The Norwegian government has started work on a new set of rules for tourism in Spitsbergen. With the department of trade and industry and the department of justice, two ministries are involved in the work which will touch many aspects. It appears that guides will play one central rule. Guides are present during any touristic activity in Spitsbergen and they play a central rule in multiple ways: they carry responsibility for a quality experience, often with an educational aspect, for safety – an important aspect in a potentially dangerous environment such as the Arctic – and for compliance with a range of legal regulations and industry and company standards concerning safety and the protection of the environment including wildlife and cultural heritage.
The polar guide: a central position, but not a protected profession
One can only wonder that such a central profession within an industry that is more than one hundred years old* and that has seen decades of intense industrial development both locally and internationally, is not protected. Anyone can offer guide services. Of course there is a range of considerations and initiatives to certify qualified guides, and this has been going on for many years now both locally in Longyearbyen (Visit Svalbard) as well as internationally (PTGA), and many active guides have used one or another supplier to achieve some kind of certification. And of course, AECO, the “Association of Expedition Cruise Operators”, is working on the issue and various tour operators have developed their own qualification schemes.
*Regular commercial Spitsbergen cruises started in 1891 with Wilhelm Bade.
Tourists observing walruses in Spitsbergen: the guide play a key role in enabling tourists to have a good, safe experience without disturbing the wildlife or doing any other kind of harm to nature.
The problem is: there is, so far, no officially acknowledged certification. It is unclear who can and will issue acknowledged certifications, which qualifications will be required for certifiation, how, where and by whom these shall be verified and so on.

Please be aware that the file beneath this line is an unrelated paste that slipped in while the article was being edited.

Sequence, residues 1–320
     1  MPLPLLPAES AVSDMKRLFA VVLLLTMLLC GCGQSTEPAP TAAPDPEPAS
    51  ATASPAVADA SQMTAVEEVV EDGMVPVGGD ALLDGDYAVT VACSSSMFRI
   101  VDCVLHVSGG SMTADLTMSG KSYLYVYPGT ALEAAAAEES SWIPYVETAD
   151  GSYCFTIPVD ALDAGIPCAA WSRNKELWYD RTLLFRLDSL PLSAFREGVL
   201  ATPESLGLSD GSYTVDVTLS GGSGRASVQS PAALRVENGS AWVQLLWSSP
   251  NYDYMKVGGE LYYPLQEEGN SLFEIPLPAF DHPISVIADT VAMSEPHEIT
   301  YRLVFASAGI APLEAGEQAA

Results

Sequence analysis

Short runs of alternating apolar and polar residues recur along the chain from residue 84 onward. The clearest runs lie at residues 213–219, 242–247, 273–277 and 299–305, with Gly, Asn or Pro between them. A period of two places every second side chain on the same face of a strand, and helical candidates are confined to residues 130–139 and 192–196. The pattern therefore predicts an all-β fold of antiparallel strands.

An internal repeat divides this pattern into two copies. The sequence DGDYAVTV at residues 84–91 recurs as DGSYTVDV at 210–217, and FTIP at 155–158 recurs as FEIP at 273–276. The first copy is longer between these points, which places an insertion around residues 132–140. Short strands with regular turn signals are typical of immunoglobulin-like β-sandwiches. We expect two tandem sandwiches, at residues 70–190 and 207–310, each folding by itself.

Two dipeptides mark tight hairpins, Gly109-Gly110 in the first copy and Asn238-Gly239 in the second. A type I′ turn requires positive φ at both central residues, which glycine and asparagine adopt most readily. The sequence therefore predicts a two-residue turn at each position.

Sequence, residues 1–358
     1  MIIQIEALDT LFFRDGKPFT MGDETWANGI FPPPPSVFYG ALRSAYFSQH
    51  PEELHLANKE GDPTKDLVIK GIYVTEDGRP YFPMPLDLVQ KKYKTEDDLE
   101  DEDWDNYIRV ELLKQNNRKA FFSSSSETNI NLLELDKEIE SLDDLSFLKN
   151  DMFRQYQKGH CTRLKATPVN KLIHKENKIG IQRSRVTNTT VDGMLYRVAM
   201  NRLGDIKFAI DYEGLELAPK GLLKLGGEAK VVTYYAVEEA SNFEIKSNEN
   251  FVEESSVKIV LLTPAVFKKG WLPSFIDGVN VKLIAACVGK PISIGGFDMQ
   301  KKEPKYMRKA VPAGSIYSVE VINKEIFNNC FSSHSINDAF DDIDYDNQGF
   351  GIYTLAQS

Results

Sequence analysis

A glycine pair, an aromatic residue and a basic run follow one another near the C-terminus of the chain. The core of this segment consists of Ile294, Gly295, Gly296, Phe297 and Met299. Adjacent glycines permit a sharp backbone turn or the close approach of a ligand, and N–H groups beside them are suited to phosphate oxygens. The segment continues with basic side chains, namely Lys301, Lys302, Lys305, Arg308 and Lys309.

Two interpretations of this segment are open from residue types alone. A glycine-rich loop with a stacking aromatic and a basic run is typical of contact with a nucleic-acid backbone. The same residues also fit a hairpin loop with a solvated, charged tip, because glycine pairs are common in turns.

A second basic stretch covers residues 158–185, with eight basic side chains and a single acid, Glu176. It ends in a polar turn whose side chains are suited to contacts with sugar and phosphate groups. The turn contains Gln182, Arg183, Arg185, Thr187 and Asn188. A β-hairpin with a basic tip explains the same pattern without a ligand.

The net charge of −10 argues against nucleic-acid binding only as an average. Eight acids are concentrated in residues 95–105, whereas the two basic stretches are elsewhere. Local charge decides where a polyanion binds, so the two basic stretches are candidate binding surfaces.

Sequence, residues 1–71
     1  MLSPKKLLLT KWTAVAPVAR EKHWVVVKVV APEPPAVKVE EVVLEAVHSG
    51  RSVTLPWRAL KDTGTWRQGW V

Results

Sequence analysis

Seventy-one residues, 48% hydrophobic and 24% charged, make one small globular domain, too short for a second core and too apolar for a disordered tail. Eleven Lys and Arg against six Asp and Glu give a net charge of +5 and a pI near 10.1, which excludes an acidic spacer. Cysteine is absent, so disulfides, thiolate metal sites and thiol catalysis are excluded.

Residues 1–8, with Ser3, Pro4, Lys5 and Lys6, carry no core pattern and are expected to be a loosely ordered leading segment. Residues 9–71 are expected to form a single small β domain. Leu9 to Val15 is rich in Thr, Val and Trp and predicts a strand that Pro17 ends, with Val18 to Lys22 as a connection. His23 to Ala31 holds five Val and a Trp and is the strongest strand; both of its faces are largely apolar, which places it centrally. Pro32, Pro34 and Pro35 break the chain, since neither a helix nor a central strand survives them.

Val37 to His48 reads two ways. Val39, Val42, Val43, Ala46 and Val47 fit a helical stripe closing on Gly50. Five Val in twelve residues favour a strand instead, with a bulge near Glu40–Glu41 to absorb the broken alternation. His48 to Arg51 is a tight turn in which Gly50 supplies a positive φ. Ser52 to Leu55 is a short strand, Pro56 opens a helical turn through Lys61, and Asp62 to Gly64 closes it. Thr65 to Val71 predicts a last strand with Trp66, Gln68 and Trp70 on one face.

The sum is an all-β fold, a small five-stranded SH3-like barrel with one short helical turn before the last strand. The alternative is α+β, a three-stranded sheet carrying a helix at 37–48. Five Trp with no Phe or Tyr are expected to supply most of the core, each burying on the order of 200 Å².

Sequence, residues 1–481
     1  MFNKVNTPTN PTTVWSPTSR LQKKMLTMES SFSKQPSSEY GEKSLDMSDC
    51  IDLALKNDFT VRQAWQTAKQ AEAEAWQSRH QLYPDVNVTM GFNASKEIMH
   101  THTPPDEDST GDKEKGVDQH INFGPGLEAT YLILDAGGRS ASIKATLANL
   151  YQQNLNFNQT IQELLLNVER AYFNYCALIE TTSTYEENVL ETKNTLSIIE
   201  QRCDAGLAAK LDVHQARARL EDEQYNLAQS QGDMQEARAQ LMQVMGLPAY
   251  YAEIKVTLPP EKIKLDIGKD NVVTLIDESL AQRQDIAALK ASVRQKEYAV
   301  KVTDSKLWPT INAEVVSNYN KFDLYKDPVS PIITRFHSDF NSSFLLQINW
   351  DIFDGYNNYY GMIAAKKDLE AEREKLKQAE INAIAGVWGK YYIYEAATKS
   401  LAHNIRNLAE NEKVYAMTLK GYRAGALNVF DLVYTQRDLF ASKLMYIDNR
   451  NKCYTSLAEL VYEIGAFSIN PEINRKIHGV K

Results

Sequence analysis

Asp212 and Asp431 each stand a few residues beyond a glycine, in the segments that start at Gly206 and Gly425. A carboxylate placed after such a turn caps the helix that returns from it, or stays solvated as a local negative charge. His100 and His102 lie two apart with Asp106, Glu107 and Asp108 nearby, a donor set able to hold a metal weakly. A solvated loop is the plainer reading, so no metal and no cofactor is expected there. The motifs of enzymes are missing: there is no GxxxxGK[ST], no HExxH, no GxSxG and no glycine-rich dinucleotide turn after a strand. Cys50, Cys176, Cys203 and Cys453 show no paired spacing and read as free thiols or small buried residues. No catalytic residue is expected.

The Norwegian government is working on an official certification scheme for Spitsbergen guides
This is supposed to change. The Norwegian government has asked the industry and other interested parties to give their input and to make suggestions.
Many might benefit from a well thought-through certification scheme, including the guides themselves. Payment and work conditions in parts of the industry have repeatedly been subject to criticism in recent years. It is easy for companies to replace experienced employees by newcomers when a profession is not protected. There are plenty of young people who would be willing to work for next to nothing or even for free for a season of adventure in the Arctic. This may even be understandable from the individual’s position, but it is, at the same time, a very unfortunate structure for experienced professionals who want to be just that – professionals in the sense that they want to make a living of their work.
Ideally, everyboy could benefit: tourists, the industry, the environment – and the guides
Additionally, many guides have already put a lot of effort into aquiring certifications without knowing if and by whom they will really be accepted. Essentially, any step within qualification is a good step, but if it involves more bureaucracy than anything else to document knowledge and experience that some have used and shown in everyday work in years, without being certain that it is really worth the effort, then it is understandable that a certification scheme rooted in relevant legislation may provide planning reliability that makes it worth to spend some time and effort on.